Lecture 1: Science Based Medicine vs.Evidence Based Medicine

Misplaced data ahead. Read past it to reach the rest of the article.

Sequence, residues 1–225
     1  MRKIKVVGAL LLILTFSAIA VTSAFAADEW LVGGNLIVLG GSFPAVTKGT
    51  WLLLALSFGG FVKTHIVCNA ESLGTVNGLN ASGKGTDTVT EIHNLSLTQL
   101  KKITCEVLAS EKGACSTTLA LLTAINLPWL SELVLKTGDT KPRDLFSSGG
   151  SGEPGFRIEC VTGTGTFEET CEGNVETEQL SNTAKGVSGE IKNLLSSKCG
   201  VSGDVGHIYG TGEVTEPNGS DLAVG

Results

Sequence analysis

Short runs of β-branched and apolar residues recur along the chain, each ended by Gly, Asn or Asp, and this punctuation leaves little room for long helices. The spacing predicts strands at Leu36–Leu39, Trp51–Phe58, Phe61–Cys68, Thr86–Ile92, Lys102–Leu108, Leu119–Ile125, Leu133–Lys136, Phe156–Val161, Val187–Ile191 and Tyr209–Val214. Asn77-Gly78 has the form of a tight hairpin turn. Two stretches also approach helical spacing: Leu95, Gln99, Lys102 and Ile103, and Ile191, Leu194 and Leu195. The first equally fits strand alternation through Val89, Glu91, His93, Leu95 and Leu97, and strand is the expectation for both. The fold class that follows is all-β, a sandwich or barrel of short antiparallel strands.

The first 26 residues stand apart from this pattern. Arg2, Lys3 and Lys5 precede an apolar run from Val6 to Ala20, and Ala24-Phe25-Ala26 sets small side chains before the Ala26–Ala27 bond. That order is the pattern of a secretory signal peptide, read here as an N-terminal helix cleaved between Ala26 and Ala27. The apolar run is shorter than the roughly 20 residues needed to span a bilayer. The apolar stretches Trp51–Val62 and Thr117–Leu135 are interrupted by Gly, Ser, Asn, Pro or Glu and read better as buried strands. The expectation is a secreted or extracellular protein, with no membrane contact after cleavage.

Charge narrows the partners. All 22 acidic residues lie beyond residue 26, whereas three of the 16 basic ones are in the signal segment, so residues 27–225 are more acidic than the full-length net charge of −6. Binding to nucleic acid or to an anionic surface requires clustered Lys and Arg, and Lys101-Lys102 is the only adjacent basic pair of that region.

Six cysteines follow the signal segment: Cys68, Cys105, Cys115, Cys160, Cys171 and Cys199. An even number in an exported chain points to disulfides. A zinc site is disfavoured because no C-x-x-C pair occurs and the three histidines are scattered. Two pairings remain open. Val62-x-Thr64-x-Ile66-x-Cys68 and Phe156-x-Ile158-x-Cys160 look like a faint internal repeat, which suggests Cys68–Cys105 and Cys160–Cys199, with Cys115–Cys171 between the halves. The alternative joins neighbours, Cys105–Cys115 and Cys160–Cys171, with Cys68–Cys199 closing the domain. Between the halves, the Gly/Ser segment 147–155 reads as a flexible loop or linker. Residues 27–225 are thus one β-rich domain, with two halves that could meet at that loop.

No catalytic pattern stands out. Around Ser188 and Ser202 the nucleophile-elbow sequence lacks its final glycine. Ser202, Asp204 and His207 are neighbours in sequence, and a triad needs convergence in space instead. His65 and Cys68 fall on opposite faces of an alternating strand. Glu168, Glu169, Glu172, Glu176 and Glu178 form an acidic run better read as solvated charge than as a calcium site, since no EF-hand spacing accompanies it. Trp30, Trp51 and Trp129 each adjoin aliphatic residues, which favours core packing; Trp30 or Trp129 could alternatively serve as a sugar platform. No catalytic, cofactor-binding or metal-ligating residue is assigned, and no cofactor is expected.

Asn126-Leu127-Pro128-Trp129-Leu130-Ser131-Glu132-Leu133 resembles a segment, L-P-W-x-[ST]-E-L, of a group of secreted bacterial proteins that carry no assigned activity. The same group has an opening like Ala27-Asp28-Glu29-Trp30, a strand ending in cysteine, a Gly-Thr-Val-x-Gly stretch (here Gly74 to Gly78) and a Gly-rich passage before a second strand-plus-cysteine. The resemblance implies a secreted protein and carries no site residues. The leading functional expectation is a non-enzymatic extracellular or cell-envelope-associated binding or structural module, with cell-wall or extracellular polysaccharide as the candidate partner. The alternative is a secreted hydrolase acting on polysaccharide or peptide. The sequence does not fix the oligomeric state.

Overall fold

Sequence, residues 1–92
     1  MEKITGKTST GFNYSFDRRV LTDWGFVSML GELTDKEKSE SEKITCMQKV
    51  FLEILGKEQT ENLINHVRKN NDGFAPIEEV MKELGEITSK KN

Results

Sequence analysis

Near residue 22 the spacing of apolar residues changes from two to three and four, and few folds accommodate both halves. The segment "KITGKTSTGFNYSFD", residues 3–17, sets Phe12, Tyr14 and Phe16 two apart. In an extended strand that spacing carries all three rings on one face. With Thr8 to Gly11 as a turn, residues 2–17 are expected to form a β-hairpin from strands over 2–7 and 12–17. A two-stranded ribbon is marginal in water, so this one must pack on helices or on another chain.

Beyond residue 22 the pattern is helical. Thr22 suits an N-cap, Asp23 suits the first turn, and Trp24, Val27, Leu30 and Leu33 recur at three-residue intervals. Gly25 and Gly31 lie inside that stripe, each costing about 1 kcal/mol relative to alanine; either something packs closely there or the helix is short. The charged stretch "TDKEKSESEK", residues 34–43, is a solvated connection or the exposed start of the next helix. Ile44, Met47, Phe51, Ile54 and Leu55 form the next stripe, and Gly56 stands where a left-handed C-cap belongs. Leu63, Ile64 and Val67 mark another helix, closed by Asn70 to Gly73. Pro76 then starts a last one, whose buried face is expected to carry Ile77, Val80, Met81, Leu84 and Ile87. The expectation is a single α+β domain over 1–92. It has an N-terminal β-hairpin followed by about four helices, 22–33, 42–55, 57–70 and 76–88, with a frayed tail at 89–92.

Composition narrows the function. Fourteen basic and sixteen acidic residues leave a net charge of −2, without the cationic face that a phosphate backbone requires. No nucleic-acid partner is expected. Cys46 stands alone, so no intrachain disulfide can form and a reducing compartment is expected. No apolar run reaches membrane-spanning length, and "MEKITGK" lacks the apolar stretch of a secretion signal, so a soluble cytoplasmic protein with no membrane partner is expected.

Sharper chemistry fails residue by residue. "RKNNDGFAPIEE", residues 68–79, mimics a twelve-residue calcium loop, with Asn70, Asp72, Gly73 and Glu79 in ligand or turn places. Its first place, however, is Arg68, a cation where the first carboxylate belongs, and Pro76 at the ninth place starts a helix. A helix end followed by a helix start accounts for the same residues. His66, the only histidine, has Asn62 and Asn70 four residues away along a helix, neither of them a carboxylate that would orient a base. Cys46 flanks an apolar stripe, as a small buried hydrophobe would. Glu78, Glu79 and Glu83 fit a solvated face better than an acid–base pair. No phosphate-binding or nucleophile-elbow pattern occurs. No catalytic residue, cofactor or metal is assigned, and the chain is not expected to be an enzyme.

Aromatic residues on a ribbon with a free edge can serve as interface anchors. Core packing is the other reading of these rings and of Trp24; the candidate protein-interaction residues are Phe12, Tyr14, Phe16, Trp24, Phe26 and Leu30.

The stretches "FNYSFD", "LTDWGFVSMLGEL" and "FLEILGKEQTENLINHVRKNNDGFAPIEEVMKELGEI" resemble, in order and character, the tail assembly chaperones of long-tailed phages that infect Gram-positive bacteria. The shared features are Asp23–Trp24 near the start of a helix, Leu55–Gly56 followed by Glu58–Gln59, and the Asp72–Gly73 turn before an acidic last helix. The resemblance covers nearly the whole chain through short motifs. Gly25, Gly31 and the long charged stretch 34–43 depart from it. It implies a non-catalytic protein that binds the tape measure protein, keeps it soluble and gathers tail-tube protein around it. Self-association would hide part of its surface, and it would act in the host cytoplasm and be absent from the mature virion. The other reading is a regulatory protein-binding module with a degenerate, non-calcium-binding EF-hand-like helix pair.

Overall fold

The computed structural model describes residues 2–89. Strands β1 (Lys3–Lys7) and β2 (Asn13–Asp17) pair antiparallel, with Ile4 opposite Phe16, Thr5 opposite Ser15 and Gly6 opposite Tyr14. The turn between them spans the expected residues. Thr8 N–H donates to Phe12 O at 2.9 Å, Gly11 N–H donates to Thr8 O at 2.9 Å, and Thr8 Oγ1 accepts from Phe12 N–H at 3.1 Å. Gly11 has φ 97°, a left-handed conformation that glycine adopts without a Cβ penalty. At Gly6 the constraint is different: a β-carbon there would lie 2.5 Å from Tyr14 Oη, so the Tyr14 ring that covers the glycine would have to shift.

hello and welcome I'm dr. Harriet hall also known as the skeptic and this is the first in a series of ten lectures about science-based medicine in this first lecture I'll explain what science-based medicine is why it's important and how it's different from evidence-based medicine in the second lecture I'll talk about medicine it isn't based on science complementary and alternative medicine orcam in lectures three through eight I'll cover individual topics in cam that claim to be science-based but that are not chiropractic acupuncture homeopathy naturopathy energy medicine and miscellaneous others in lecture nine I'll talk about some of the pitfalls in clinical research why we can't take every published study at face value and how to tell if a study is good science and in the final lecture I'll talk about how science-based medicine is misunderstood in the media and in politics I've prepared a course guide to accompany these lectures it summarizes the important information from each lecture and includes references and suggestions for further reading now the subject of these lectures is science-based medicine not cam so why devote so much time to discussing cam well there's method in my madness there are two reasons to concentrate on cam first I think that understanding what good science isn't is the best way to understand what good science is most of what I've learned about what constitutes a good scientific study I learned by studying the flaws and a lot of very bad studies bad examples can be very educational if you haven't learned to spot what's wrong in flawed science how could you ever be sure that something is good science and doesn't have any of those flaws have you ever read books about neurologic abnormalities like Oliver Sacks book the man who mistook his wife for a hat when part of the brain is damaged by a stroke or a tumor or trauma strange things happen abnormal behavior and loss of certain abilities that we take for granted those abnormalities are clues to understanding how that part of the brain normally works studying brain pathology helps us understand normal brain function and the principle of learning about the good by studying the bad works for almost anything for instance if you wanted to learn how to apply makeup it would be helpful to see examples of people who've used too much makeup or the wrong kind so that's the first reason the second reason is that much of CAM falsely claims to be based on science and we need to understand why mainstream science rejects those claims Jenny McCarthy says vaccines cause autism her autistic son Evan is all the evidence she needs she says my science is Evan and he's at home that's my science hope we can easily dismiss claims like that as Christopher Hitchens famously said assertions made without evidence can be dismissed without evidence but it's not so easy to dismiss a homeopath who shows ups his evidence in the form of a long list of published peer-reviewed scientific studies that he thinks have validated homeopathy we need to understand why his evidence doesn't stand up to scrutiny by the end of this course when you encounter someone who's promoting homeopathy or maybe selling a miracle diet supplement through multi-level marketing if he throws a scientific study at you and says here's proof that it works you'll know why his proof is no such thing and you'll have a rational basis for rejecting his claims now science is a wonderful thing it has improved our lives it's lengthened our lifespans and it's given us reliable tools to understand how the world works but for most of human history we had to make do without science evolution shaped our ancestors brains to help them survive in a world without science a world without newspapers books or the internet without even written language they had only two ways of learning about the world their own experience and the experiences of others if you ate an unfamiliar berry and got sick you'd learn not to eat those berries if you survived or a friend might tell you not to eat them because they made him sick and you might be able to profit from his experience sometimes what your friend told you might be wrong but in general paying attention to the stories of your friends was likely to help you survive to survive as hunter-gatherers on the African savannah our ancestors needed to learn from stories and they also needed to make fast decisions so they evolved to be very good at pattern recognition edit jumping to conclusions have you ever thought you saw an animal and then taking a closer look and realized you'd been fooled by a stump or a rock or something the other day I thought I thought I saw a dead bird out on our deck but it turned out to be just a crumpled brown leaf we look for recognizable patterns but we can be fooled by objects that have a similar profile now let's say you're one of our ancestors on the savanna you see something over there off in the distance and in the bushes and it looks sort of lion shaped but it might just be an illusion created by branches and shadows if you see the pattern as a lion and you're wrong you run away when you didn't need to but there's no real harm done on the other hand if you miss a real lion your mistake could be fatal richard wiseman explained the ability to find patterns is so important to your survival that your brain would rather see a few imaginary patterns than miss genuine instances of cause and effect that's the price you pay for being so amazing the rest of the time we see imaginary patterns everywhere for instance a baseball player notices that he was wearing a certain pair of socks when his team won so he develops a superstition and he keeps wearing his lucky socks his team doesn't always win when he wears those socks but it wins often enough to reinforce his superstitious belief evolution shaped our thinking processes for maximum survival advantage but it was a mixed blessing there were advantages to our skills but there were also downsides we got very good at pattern recognition and that helped us make sense of our environment it helped us identify threats like a lion in the bushes and it helped us learn the effects of poisonous plants or medicinal plants but it gave us a tendency to sometimes see patterns that aren't real and to develop superstitious beliefs about cause and effect we got very good at making quick decisions this allowed us to react in time to run away from the lion now instead of stopping to think about it but it made us more likely to jump to conclusions before we had all the evidence evolution equipped us with emotions that were very handy for survival fear motivated us to run away from the lion fast but emotions can interfere with judgment for instance the fear of death can lead cancer patients to grasp at straws and go to Mexico to try implausible potentially dangerous treatments like laetrile Morgan levy said thinking like a human is not a logical way to think but it is not a stupid way to think either you could say that our thinking is intelligently illogical millions of years of evolution did not result in humans that think like a computer it is precisely because we think in an intelligent way a logical way that our predecessors were able to survive so evolution equipped us with minds that kept us alive in a pre-scientific world by a strategy of paying attention to what others told us of seeing patterns that might not always be real and of jumping to conclusions then we discovered science and what used to be a survival advantage became a handicap the scientific method is a marvelous set of tools that allows us to ask specific questions about how the world works and to get reliable answers and science is a way of correcting for the kinds of mistakes our minds are prone to make but our mind is evolved to help us survive in a world without science and thinking in a scientific way doesn't come naturally our minds still work the old way we prefer stories to studies we prefer anecdotes to analyses if our neighbor had a bad experience with the Toyota we're likely to remember his complaints and not buy a Toyota even if Consumer Reports tells us that their tests found that it was the most reliable brand it isn't logical to value hearsay over data but we're just doing what comes naturally it takes a lot of training and discipline to overcome our natural tendencies how do we decide if a medical treatment works we're impressed by anecdotes and we jump to conclusions based on our observations if your friend says homeopathy worked for me you want to try it when you try it and your symptoms go away it's only natural to assume that it really works but sometimes we get it wrong your symptoms might have gone away for other reasons that had nothing to do with the treatment you have no way of knowing whether your symptoms might have gone away if you hadn't used any treatment at all assumptions can be wrong we make mistakes and no matter how smart we are every one of us can be fooled patients and doctors alike were fooled for centuries by bloodletting everybody knew that it worked the medical textbooks explained how it worked to balance the humors and everyone knew it saved lives because they'd seen it with their own eyes but when someone finally thought to compare patients treated with and without bloodletting they discovered they've been killing more patients than they helped big oops even modern doctors can be fooled not long ago doctors used to do an operation for heart disease where they open the chest and tied off chest wall arteries to divert more blood flow to the heart they had an impressive 90 percent success rate a doctor named Leonard Cobb was skeptical so he did an experiment with a sham surgery control group where he just made the incision in the chest and closed it back up without actually doing anything inside he discovered that just as many patients improved after the fake surgery in this diagram the two bars on the Left showed that chest pain improved almost as much with the sham surgery light blue as with the real surgery dark-blue and the two bars on the right show that the sham surgery light-blue reduced the need for nitroglycerin pills for pain even more than the real surgery the differences were in opposite directions and they weren't statistically significant essentially the fake surgery worked the same as the real surgery so they thought they had this great operation with a 90% success rate but they were wrong when they put it to a scientific test it turned out the operation accomplished nothing at all except maybe to suggest to patients that they would feel better so this was another big oops and doctors stopped doing that operation there are a whole lot of reasons people can come to believe an ineffective treatment works here are some of them don't bother trying to read them all now I'm going to go over each one of them separately one the disease may have run its natural course a lot of diseases are self-limiting the body's natural healing processes restore people to help after a time wounds heal a cold goes away in a week whether you treat it or not a few years ago I developed shoulder pain I was unable to raise my arm without pain and I couldn't reach behind my back to fasten my bra after about a year one day I suddenly realized I was back to full function and he had no pain at all my treatment nothing but tincture of time whatever was wrong had run its natural course and resolved on its own if I'd been using any treatment at the time I would have been fooled into thinking that the treatment had worked even serious life-threatening diseases can sometimes resolve without treatment before we had antibiotics to treat pneumonia it wasn't always fatal some people survived so before we could be sure antibiotics worked we had to compare the survival rate with and without antibiotics to many diseases are cyclic all the symptoms of any disease fluctuate over time fevers go up and down people with arthritis have bad some good days the pain gets worse for a while then it gets better for a while if you use a remedy when the pain is particularly bad it was probably about ready to start getting better anyway so the remedy gets credit it doesn't deserve that's known as regression to the mean here's what happens sarah has osteoarthritis pain in her knees here's the natural course of her pain during a random month the first few days of this particular month she has little or no pain as the middle of the month approaches her pain gets progressively worse and then towards the end of the month it subsides now this is without any treatment she's not likely to take any pain pills at the beginning of the month when the pain is minimal but by the middle of the month she needs relief so she starts taking pills and look what happens as she takes those pills the pain subsides it's only natural for her to assume that the pills worked but she doesn't know that she's only looking at the right side of this graph with the left side cut off her pain did exactly what it would have done if she hadn't taken any pills that she doesn't have any way of knowing that 3 we're all suggestible studies show that we think wine tastes better if it comes from the bottle with a higher price level if we're told something is going to hurt it's more likely to hurt if we're told something is going to make it better it probably will we all know this that's why we just our children zowie's anything that distracts us from thinking about our symptoms is likely to help for the wrong treatment may get the credit if you took mega doses of vitamins along with your chemotherapy you may think it was the vitamins that cured your cancer when it was really the surgery and the chemo sometimes the credit is due to something you don't even realize maybe something changed in your life at the same time one writer call this the spaghetti factor you happen to change brands of spaghetti sauce at about the same time and it was some herb in the new brand that caused the improvement 5 the diagnosis may be wrong you've all heard those claims that at secured my cancer when you track down the details of those miracle cancer cure is quite often it turns out that they never even had a biopsy so we can't know if they ever really had a cancer to cure even if they had a biopsy the results could have been wrong pathologists have been done to make mistakes in reading the slides and there could have been a mix-up in the lab where the sample was actually from another patient the prognosis may be wrong they said I only had six months to live but thanks to treatment X I'm still alive three years later but doctors can only provide an educated guess about the future and they may have guessed wrong all doctors really knew was that the median life expectancy for that condition was six months but that means half the patients died before six months and half of them live longer than six months sometimes much longer six temporary mood improvement may be mistaken for a cure if a practitioner makes you feel optimistic and hopeful you may think you feel better when the disease is really unchanged seven psychological needs affect behavior and perceptions when people want to believe badly enough they can convince themselves that they've been helped if they've invested time and money they don't want to admit that it was wasted we see what we want to see we may not remember accurately what septums we had when we remember things the way we wish they had happened when a doctor is sincerely trying to help a patient the patient feels a sort of social obligation to please the doctor by getting better and he may convince himself that he's better when he really isn't people have been known to deny the facts even to refuse to see that the tumor is still getting visibly bigger in one case a patient believed he was cured his doctor said look at the x-ray the tumor is still there the patient refused to believe it he insisted that that was just a shadow where the tumor used to be eight we confused correlation with causation now this is a big one just because improvement follows a treatment that doesn't necessarily mean that the treatment caused the improvement it's called a post hoc ergo propter hoc fallacy that's Latin for after that therefore because of that the rooster crowed and then the Sun came up therefore the rooster made the Sun come up well it's easy to see what's wrong with that reasoning but look at this I took a pill I got better therefore the pill made me better when we take a pill and then we feel better it seems compellingly obvious to us that it was the pill that made us feel better and maybe it was the pill but maybe it was just a mistake like the rooster we don't stop to think that we might have felt better for some other reason we don't stop to rule out all other possible explanations we jump to conclusions like the man who trained to flee to dance when it heard music and then he cut the fleas legs off one by one until it stopped dancing and then he concluded that the fleas organs of hearing must be at its legs correlation is not causation people notice that the number of autism diagnoses increased about the same time the number of vaccines for infants increased they saw a correlation and they assumed causation vaccines must cause autism but there was also a correlation with a number of pirates science studied vaccines and autism and they didn't find any evidence that vaccines caused autism science didn't study pirates to see if they caused autism I love this graph it shows an almost perfect correlation between autism diagnosis and sales of organic food does anyone think organic food causes autism correlation doesn't equal causation to find out if a correlation really indicates a cause a scientist named Hill came up with this list of criteria for determining causation I'll illustrate with the example of smoking in lung cancer there's no way we could do a randomized control study of smoking you can't divide people into two groups and make one group smoke and the other not you certainly couldn't have a blinded study because they wouldn't know whether they were smoking so we had to approach the question by other routes there was a temporal relationship people smoked first and got cancer later – there was a strong relationship lots more smokers than non-smokers got lung cancer three there was a dose-response relationship the more cigarettes smoked the higher the rate of lung cancer for the results of various kinds of studies were all consistent five the mechanism was plausible we know they're cancer-causing compounds in cigarette smoke six alternate explanations were considered and ruled out seven they did experiments where they exposed lab animals to cigarette smoke and the animals developed lung cancer eight specificity cigarettes produce specific kinds of lung cancers coherence the data from different kinds of epidemiologic and lab studies and from all sources of information held together in a coherent body of evidence richard fineman said science is what we've learned about how to keep from fooling ourselves we fool ourselves because of the way our brains work we prefer stories to studies we have cognitive flaws and biases we have perceptual failings just think of optical illusions and we're influenced by emotions and by psychological motivations biases and cognitive errors lead us to false conclusions that we wish to be true science is the only method that systematically controls for our biases and cognitive errors and allows us to obtain reliable information the author of this book a doctor named ruin birch has called it medicines beautiful idea the idea that no matter how certain we are that a treatment works no matter how reasonable a belief sounds we still have to test it today EB M stands for evidence-based medicine and it has been defined as the conscientious explicit and judicious use of current best evidence in making decisions about the care of individual patients but it wasn't until 1991 that the term evidence-based medicine first appeared in the medical literature before that we had other IBM's first there was expert based medicine where we unquestioningly accepted whatever the expert said Aristotle said men had more teeth than women he was the expert in for centuries everyone took his word for it no one bothered to look in mouths and count teeth and then there was experience based medicine where a doctor could say in my experience this treatment has worked well for my patients for centuries doctors had experience with bloodletting to balance the humors and they were thoroughly convinced that they were saving lives when they were actually killing patients my colleague Mark chrislam says that the three most dangerous words in medicine are in my experience because experience is so very compelling but is so very often wrong so we learned to rely on scientific evidence rather than on expert opinion and experience the first modern clinical trial was done by James Lind of the Royal Navy in 1747 back then the sailing ships went out for years at a time and sailors had no access to fresh foods sailors developed scurvy they became weak unable to work had internal bleeding fever jaundice convulsions bone pain bleeding gums their teeth fell out and they died a painful death Lind had heard reports of successful treatment with various remedies and he decided to test them to find out if any other really worked he divided a group of twelve six sailors into six groups he gave each group a different test remedy a quart of cider 25 drops of elixir of vitriol that's sulfuric acid I sure hope he diluted it in water before he gave it to them 6 spoons of vinegar 1/2 a pint of seawater yuck 2 oranges and a lemon or a spicy paste plus a drink made from barley the winner was tada 2 oranges and a lemon Lynde had shown that citrus fruit work to secure scurvy but he didn't have any idea how it worked today we know that scurvy is due to a deficiency of vitamin C but vitamins wouldn't be discovered for another two centuries Lind thought scurvy was caused by putrefaction and he thought citrus it's work because the acid in the fruit prevented putrefaction he tried sending ships out with bottled juice to save storage space but that didn't work the bottling process heated the juice and destroyed the vitamin C so they had to go back to using fresh fruit anyway the first clinical trial had found an effective treatment for scurvy British sailors became known as limeys and medical science was often running some doctors still think that in my experience is better than evidence here's one J Gordon pediatrician to the stars he caters to pay to parents who want an excuse to delay or omit vaccinations he says my very strong impression is that children with the fewest vaccines or no vaccines at all get sick less frequently and are healthier in general I truly believe they also develop less autism well his personal experience and uncontrolled observations have led him to false beliefs control scientific studies have proved that his beliefs are wrong that he stubbornly prefers his own very strong impression to the scientific evidence evidence-based medicine was a great idea treat patients according to the evidence from scientific studies whenever possible unfortunately the practice wasn't as good as the promise we coined the term science-based medicine to point out the flaws and the way evidence-based medicine was being implemented in 2008 a group of us skeptical doctors started the science-based medicine blog under the leadership of Steven novella if you aren't familiar with the blog I hope you'll check it out it's WW science-based medicine org science-based medicine is all one word here is the published hierarchy for evidence and evidence-based medicine the quality of evidence increases as you climb the pyramid the red bar near the top is the RCT that's the gold standard of clinical science the randomized control trial it uses a placebo control and is double-blind typically they compare an active drug an inactive placebo maybe a sugar pill that's the gold standard of clinical science the randomized control trial ideally it uses a placebo control and is double-blind typically they compare an active drug to an inactive placebo maybe a sugar pill the placebo is disguised so that it looks exactly like the active test drug in a double-blind experiment the patient doesn't know what she's getting and the person giving him the pills doesn't know what she's giving the pills are prepared by a third party who isn't otherwise involved in the research they are quoted and the code isn't broken until the trial is finished and the patients are randomly assigned to two equal groups to minimize any influence from other factors the results are analyzed to determine if there is a statistically significant difference even the best RCTs are not definitive there are a lot of things that can go wrong that could lead to false results I'll be covering that in lecture 9 we should never rely on the results of a single study we should wait for confirmation by other studies the lowest level on the pyramid is in-vitro research in vitro means in glass-like test tubes or petri dishes you can kill cancer cells in the lab with practically anything for instance of bleach or blowtorch but what happens to cells in a petri dish doesn't necessarily happen when they're part of a living body using a blowtorch on a patient wouldn't be a good idea the next level is animal research but the results of animal studies may not be applicable to humans for instance aspirin causes birth defects in mice but it doesn't do that in humans the next level is ideas editorials and opinions which are basically speculation by people who may be more or less qualified to speculate then case reports descriptions of a single patient then case series reports of several patients with the same condition then case control studies for example where patients with lung cancer are compared to patients who don't have lung cancer to see whether there are more smokers in the lung cancer group then the cohort study where groups of people are followed over time for instance groups of smokers and non-smokers to see which group eventually develops more lung cancer the EBM hierarchy puts the gold-standard RCT near the top of the pyramid but there is an even higher level all too often different RCTs get conflicting results to break the tie we can do a systematic review or a meta-analysis to combine information from several trials to reach a more accurate conclusion they are the highest level of evidence but they can only be as good as the individual studies sometimes they get false conclusions because of guy go garbage in garbage out and one really well-designed large study can sometimes trump systematic reviews of lower quality studies evidence-based medicine rigorously limits itself to considering only the evidence but something is missing from this pyramid there is no place in this hierarchy for evidence from basic science showing that a treatment is impossible or highly improbable it doesn't give any consideration to prior plausibility they tend to give equal credence to a study of a new antibiotic in a study of a homeopathic remedy they don't seem to care that homeopathy is incompatible with our knowledge of physics chemistry and biology they don't seem to understand that we would need far more evidence than a clinical study before we could accept that a homeopathic remedy was effective it would require a massive evidence sufficient to prove that all that other scientific knowledge was wrong now we don't reject new ideas out of hand but we do have to take prior plausibility into account we have to require stronger evidence for things that are implausible Carl Sagan said it best extraordinary claims require extraordinary evidence if I tell you I saw a Robin in my backyard this morning that's an ordinary claim you'd probably accept a cell phone photo as evidence or you might just take my word for it but if I tell you I saw fire-breathing dragon in my backyard well that's an extraordinary flame and anyone with a shred of common sense would demand much more proof not just a picture that might have been photoshopped but something more substantial like dragon scales or perhaps some dragon poop that can be analyzed for DNA if a study shows that a slightly different new version of an old antibiotic works better for pneumonia that requires an ordinary level of evidence but if a study shows that standing on your head and whistling Dixie cures cancer that would require a much higher level of evidence evidence based medicine doesn't work well for Cam it works on a one tool fits all approach evidence-based medicine focuses on clinical trial results it simply looks at the published clinical research and accepts the findings and that works pretty well for a conventional medicine but it doesn't work well when you're dealing with things that lie outside the scientific paradigm or when the scientific plausibility ranges from miniscule to non-existent my colleague David Gorski said I suspect that the originators of evidence-based medicine never thought of the possibility of evidence-based medicine being applied to hypotheses as unsparingly implausible as those of CAM it simply never occurred to them they probably assumed that any hypothesis that reaches a clinical trial stage must have good preclinical evidence and basic science evidence to support its efficacy science is a system of inquiry not a collection effects and not a belief system it's not just one single method but a toolkit of methods to figure out how reality works this diagram shows how the scientific process works it starts with observations and then a hypothesis is formed that might explain the observations if the hypothesis is true we should be able to use it to make accurate predictions we test to see if it does if we observe that the predictions are not accurate we have to modify the hypothesis if the hypothesis does allow us to make accurate predictions then evidence eventually accumulates and theories can be formed word theory is very often misunderstood in science a theory doesn't mean a guess or an opinion a scientific theory is an established body of knowledge like germ theory or the theory of evolution science is a discipline process for testing hypotheses it progresses slowly but inexorably as new discoveries built on old ones it doesn't claim to have the truth it reaches provisional conclusions based on the best available evidence and it's always ready to change those conclusions if new better evidence comes along studies are repeated and they're either confirmed or discredited a body of evidence gradually accumulates to the point that experts in the field can reach a consensus science makes mistakes but a self-correcting system is in place it's a collaborative effort studies are peer reviewed and scientists scrutinize each other's work science can be relied on to give us knowledge that works and it can be used to make accurate predictions and to guide medical treatment by the way there is no such thing as Western science there's only one science and it's the same everywhere in the world some people would have us believe that there are other ways of knowing like intuition tradition revelation The Stoned thinking favored Andrew while visions dreams extrapolation speculation and personal anecdotal experience well those other ways of knowing have their place they're useful when it comes to knowing if you're in love or knowing whether you can trust your neighbor or knowing if a picture is beautiful but when it comes to knowing whether a medical treatment is effective there's only one reliable way of knowing control testing using scientific methods those other ways of thinking can lead people to strong beliefs but we can't trust those beliefs to reflect reality only the scientific method can give us reliable knowledge no matter how convincing a claim sounds it must be tested before we can accept it as true no other way of knowing shows the kind of progress that science does with new knowledge building on old no other way of knowing leads everyone to agree and no other way of knowing allows us to make accurate predictions they say science doesn't know everything but as the Irish comedian Darrell Bryan pointed out science knows it doesn't know everything otherwise it would stop and just because science doesn't know everything doesn't mean you can fill in the gaps with whatever fairy tale most appeals to you science works science is probably the best thing humans have ever invented as Bill Nye the Science Guy says science rules in this lecture I've talked about what science based medicine is and why evidence-based medicine is not enough when we set out to evaluate health claims practices and products we want to use the best scientific evidence available in the light of our cumulative scientific knowledge from all relevant disciplines science-based medicine emphasizes that some evidence is better than others it's very aware of all the ways clinical studies can go wrong and can lead to false conclusions especially when improbable treatments are being tested it considers prior plausibility it puts clinical trial evidence into context with preclinical research and it looks for consistency with the rest of the body of scientific knowledge in the next lecture I'll talk about what happens when medicine isn't science-based